Do you feel frustrated and unfulfilled in your relationship? Despite your best intentions, have you noticed some of your actions actually leading to the breakdown of harmony between you and your partner?
If so, there may be self-sabotage going on.
It can be hard to tell when our actions negatively affect our relationships because we often don’t recognize them, but don’t worry; it’s not too late to take steps toward change and break free from these patterns for good.
According to relationship experts, here are signs you’re sabotaging your relationship, along with ways to stop these behaviors and get back on track with your loving connection.
Certified Life Coach, Recovery from Toxic Relationships
Do you ever feel like you’re sabotaging your relationship? Are you frustrated with yourself for not being able to have the relationship that you so desire? If so, you are not alone.
Recognizing the signs of relationship sabotage is the first step to protecting your relationship from this negative behavior.
You unwittingly act out from a place of jealousy, criticism, and control
Good relationships are based on mutual respect and trust with open, nonjudgmental communication. If you are unwittingly acting out from a place of jealousy, criticism, and control without considering the consequences, you will be sabotaging the relationship.
Related: Why Do We Get Jealous in Relationships?
If you recognize any of the following signs in your relationship, don’t panic or beat yourself up. The important thing is that you now recognize and own what you are doing so that you can make a change for the better.
You avoid difficult conversations
Honest and open communication is essential for any relationship. It may be challenging to always achieve this as some conversations may be difficult to have. But, if you avoid these difficult conversations or communicate without honesty and clarity, this will sabotage your relationship.
You do not work constructively through the conflicts and challenges
All relationships have some conflict and challenges because that is often the nature of our fast-paced lives. But if you and your partner are not working constructively through the conflicts and challenges you face, it will likely damage your relationship.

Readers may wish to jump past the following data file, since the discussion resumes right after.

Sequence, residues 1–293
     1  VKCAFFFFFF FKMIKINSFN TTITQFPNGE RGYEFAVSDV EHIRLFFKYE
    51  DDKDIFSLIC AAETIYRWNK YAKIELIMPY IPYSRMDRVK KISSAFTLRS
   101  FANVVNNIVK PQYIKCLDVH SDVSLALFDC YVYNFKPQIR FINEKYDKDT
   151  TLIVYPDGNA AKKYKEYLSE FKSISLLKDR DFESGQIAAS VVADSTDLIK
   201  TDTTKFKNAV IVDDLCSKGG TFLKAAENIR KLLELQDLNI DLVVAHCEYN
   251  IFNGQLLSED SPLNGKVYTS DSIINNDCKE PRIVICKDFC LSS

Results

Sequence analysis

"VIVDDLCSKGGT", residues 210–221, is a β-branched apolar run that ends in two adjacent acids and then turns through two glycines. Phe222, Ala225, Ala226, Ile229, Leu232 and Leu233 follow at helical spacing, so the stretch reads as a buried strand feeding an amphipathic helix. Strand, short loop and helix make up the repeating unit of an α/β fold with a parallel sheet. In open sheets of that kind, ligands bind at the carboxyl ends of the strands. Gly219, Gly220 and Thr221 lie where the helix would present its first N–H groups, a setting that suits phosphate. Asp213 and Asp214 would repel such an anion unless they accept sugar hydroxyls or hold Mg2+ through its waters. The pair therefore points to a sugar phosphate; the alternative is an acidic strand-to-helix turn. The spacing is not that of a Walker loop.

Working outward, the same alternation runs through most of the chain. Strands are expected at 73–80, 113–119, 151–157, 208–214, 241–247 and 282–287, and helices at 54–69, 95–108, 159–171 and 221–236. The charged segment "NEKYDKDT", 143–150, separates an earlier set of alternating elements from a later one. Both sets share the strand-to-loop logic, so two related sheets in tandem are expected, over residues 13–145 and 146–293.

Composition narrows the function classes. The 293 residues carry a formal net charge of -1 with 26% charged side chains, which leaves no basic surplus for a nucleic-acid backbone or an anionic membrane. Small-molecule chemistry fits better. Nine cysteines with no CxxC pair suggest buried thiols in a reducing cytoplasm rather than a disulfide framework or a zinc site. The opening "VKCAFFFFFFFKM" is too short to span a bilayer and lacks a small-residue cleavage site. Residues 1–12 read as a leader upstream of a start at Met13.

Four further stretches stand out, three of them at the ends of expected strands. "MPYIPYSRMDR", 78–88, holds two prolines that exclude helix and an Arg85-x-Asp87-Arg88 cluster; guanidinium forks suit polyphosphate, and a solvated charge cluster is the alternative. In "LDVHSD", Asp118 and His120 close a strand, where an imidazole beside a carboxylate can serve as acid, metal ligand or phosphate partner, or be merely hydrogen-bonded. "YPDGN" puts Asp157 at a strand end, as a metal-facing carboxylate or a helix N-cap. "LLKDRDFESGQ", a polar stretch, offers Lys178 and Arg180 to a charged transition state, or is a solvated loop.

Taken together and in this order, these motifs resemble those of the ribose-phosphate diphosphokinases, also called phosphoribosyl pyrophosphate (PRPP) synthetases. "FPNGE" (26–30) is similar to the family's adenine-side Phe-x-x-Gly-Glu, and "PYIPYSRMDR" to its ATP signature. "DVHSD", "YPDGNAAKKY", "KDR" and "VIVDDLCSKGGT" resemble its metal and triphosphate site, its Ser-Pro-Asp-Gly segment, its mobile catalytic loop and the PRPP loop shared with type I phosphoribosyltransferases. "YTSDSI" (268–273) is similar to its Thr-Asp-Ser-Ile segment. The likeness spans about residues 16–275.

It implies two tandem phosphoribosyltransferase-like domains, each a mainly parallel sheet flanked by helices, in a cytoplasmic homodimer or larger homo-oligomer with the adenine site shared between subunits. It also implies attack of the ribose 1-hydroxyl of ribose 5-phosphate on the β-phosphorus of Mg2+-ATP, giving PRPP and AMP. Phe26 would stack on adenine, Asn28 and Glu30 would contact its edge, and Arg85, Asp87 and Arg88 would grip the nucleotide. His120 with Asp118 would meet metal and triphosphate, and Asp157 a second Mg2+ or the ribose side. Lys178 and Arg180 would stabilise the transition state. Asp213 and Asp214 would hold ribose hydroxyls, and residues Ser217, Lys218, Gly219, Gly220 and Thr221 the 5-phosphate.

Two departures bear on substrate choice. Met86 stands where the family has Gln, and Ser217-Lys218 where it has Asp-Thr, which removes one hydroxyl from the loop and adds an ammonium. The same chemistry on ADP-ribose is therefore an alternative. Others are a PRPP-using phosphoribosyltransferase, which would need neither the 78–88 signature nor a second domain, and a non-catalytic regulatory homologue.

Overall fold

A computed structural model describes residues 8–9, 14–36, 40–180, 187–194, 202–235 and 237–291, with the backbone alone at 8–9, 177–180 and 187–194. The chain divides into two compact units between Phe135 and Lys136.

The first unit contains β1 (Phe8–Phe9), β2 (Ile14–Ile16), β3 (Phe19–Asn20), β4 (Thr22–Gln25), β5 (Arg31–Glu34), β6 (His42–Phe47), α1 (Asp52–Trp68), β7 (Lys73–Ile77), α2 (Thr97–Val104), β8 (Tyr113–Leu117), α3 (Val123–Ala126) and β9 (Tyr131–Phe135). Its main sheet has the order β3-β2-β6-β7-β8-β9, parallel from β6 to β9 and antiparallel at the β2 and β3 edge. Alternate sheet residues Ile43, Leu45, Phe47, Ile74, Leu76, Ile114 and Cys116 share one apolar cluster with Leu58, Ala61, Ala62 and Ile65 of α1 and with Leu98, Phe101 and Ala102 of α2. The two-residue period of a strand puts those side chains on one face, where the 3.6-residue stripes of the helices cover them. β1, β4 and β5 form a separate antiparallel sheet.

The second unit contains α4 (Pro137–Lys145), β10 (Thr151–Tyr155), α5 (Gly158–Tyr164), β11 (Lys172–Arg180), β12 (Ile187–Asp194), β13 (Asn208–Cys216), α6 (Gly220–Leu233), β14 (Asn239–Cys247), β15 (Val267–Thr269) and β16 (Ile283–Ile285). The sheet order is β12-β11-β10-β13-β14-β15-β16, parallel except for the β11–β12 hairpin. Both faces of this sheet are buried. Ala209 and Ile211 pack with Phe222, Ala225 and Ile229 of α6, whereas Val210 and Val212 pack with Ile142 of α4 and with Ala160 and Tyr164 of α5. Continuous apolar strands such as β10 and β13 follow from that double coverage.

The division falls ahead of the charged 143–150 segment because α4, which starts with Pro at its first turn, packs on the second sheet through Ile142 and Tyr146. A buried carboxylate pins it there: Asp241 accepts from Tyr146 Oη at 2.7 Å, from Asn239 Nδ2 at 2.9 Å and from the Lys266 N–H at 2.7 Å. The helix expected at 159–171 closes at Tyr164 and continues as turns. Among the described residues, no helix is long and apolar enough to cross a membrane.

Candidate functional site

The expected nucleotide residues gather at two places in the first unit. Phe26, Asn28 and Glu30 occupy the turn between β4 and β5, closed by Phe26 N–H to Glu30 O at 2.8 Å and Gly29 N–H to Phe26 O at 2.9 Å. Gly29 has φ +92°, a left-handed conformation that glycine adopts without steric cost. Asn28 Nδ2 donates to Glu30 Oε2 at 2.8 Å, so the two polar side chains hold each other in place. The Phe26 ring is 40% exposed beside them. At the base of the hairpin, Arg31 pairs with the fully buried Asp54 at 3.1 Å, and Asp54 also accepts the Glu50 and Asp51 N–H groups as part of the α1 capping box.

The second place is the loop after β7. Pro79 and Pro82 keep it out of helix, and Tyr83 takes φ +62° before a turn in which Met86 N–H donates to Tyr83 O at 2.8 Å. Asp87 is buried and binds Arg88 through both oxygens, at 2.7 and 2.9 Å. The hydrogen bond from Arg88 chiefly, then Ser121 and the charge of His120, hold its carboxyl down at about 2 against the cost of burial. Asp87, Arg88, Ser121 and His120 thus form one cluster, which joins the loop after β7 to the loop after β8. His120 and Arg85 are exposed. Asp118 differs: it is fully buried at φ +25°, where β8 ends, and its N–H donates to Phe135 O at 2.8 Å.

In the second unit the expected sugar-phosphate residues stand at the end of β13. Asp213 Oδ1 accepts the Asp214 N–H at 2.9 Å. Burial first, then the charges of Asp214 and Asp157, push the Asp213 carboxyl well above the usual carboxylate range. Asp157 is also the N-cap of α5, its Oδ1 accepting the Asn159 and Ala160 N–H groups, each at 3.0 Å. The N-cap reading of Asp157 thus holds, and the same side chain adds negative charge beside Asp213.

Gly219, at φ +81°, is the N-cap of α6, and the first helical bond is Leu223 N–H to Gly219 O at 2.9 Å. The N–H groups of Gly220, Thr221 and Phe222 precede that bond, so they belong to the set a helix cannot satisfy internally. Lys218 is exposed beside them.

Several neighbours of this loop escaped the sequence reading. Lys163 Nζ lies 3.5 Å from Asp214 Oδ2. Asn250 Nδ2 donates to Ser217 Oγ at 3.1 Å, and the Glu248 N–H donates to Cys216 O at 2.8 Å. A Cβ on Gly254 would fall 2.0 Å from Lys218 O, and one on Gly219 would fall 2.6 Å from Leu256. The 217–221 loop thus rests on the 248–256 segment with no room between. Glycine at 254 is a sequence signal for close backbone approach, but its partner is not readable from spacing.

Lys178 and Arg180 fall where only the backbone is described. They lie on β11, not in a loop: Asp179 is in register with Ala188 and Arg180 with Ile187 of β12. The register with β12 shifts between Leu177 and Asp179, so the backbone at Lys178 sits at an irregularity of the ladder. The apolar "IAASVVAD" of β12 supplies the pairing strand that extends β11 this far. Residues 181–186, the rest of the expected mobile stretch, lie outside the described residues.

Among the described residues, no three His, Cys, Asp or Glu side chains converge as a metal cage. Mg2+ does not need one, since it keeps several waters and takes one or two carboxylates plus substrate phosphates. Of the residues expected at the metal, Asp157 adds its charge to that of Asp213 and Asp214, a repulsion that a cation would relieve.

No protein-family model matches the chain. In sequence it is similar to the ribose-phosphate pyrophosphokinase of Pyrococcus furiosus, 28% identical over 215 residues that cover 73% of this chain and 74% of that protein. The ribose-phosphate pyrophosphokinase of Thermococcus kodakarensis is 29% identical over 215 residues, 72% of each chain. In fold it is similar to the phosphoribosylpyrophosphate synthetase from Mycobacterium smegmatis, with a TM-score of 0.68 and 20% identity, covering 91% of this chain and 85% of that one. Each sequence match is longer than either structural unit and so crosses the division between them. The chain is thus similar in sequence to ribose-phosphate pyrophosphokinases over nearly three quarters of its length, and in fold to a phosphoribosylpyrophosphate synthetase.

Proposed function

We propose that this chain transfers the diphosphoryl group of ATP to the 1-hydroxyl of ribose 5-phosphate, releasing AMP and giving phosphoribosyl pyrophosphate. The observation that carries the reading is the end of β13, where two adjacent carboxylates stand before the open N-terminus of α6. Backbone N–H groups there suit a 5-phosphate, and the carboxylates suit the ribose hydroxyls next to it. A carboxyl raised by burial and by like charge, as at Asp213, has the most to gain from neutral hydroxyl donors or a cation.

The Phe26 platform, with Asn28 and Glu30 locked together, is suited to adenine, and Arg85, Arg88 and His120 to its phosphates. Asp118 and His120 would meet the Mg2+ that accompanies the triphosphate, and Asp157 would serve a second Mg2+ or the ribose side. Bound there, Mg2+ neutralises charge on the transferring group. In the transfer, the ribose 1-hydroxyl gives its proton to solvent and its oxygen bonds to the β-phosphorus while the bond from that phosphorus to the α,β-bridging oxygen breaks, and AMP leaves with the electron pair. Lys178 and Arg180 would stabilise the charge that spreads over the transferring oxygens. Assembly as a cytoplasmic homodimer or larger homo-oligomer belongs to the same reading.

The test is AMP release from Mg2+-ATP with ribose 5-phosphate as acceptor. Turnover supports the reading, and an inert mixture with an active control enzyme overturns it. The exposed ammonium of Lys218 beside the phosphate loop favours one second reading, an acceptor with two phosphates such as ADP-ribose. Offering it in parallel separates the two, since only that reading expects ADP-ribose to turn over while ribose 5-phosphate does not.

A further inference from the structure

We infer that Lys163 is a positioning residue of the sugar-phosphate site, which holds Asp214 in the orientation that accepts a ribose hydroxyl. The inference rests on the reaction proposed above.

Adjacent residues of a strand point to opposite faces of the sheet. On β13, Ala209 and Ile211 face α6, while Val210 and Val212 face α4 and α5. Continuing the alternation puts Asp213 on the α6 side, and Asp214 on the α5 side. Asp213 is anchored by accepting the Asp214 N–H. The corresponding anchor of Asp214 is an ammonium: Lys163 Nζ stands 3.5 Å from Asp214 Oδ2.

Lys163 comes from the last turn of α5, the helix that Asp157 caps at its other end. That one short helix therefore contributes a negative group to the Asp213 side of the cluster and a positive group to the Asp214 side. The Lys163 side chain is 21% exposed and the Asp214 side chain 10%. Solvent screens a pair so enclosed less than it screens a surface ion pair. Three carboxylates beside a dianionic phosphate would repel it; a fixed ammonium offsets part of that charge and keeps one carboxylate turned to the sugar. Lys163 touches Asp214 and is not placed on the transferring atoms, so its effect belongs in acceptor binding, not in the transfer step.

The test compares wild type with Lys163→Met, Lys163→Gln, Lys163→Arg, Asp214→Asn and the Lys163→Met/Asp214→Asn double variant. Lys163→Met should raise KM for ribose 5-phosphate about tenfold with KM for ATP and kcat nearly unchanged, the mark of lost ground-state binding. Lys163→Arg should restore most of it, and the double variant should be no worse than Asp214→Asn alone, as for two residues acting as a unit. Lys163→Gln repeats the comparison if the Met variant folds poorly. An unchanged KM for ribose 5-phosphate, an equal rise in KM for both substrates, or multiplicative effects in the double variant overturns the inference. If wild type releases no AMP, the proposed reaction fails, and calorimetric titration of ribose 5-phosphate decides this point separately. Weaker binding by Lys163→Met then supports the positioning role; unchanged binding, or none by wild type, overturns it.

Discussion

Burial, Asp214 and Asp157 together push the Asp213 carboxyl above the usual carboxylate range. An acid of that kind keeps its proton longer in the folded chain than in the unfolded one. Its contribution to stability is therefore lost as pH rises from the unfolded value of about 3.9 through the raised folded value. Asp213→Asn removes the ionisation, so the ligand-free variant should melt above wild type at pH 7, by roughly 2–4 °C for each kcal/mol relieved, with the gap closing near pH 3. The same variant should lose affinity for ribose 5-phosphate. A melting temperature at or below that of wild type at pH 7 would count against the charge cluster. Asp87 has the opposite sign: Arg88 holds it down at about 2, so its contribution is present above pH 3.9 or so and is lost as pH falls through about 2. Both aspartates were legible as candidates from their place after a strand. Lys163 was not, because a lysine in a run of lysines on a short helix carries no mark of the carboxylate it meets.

Related: How Often Do Couples Argue or Fight in a Healthy Relationship
However, avoiding conflict at all costs will also be detrimental as it will ultimately build resentment within the relationship over time.
You frequently blame or criticize your partner
Are you frequently blaming your partner or criticizing them? This often says more about you than it does about them.
An overly critical partner may even be considered emotionally abusive. It wears your partner down and affects their emotional well-being.
Criticism differs from complaining as it is usually constant about all aspects of the relationship and does not have a positive outcome for the relationship. When we rely on blame and criticism, it is often a sign that we are unhappy in our relationship or ourselves.
Related: How to Stop Being Critical of Others?
You stopped showing affection toward your partner
If you have, for some reason, stopped showing affection towards your partner, this will sabotage your relationship as your partner may see it as a form of manipulation.
Ultimately, withholding affection will create a disconnect between you and your partner, and a lack of trust, uneasiness, and doubt will creep into the relationship.
You may have been withholding affection because you felt self-conscious or vulnerable, but this will backfire and will ultimately result in bigger problems within the relationship.
You are controlling your partner
Are you trying to control your partner? Do you fear that your partner will leave you? Your controlling behaviors will result in your partner feeling claustrophobic, and this will, in turn, sabotage your relationship. It is important to respect your partner’s personal space and boundaries.
Related: How to Stop Being Controlling in Your Relationship
You lack trust in your partner
Unless you have a reason, if you are constantly suspicious of your partner and double-guessing them, you will be inadvertently sabotaging your relationship.
Trust is an essential part of any relationship. By constantly questioning your partner’s intentions, you are creating an unhealthy relationship dynamic. A lack of trust and suspicion, if allowed to fester, will create big monsters in your mind that will destroy your relationship without reason.
Related: Trust Building Exercises for Couples
Why would you be sabotaging your relationship?
There are many reasons why you may be sabotaging your relationship. The outward behavior you display may differ from how you are actually feeling internally about the relationship and your partner. You may just be reacting instinctively without much thought.
It’s best to identify what you are doing that is sabotaging the relationship and then look more closely at the reasons for your reactions and behavior.
It is important to understand that change is in your hands. You have acknowledged that you may be sabotaging your relationship and identified what you might unintentionally be doing to sabotage the relationship. Now you need to work on how you can stop the behavior that is damaging your relationship.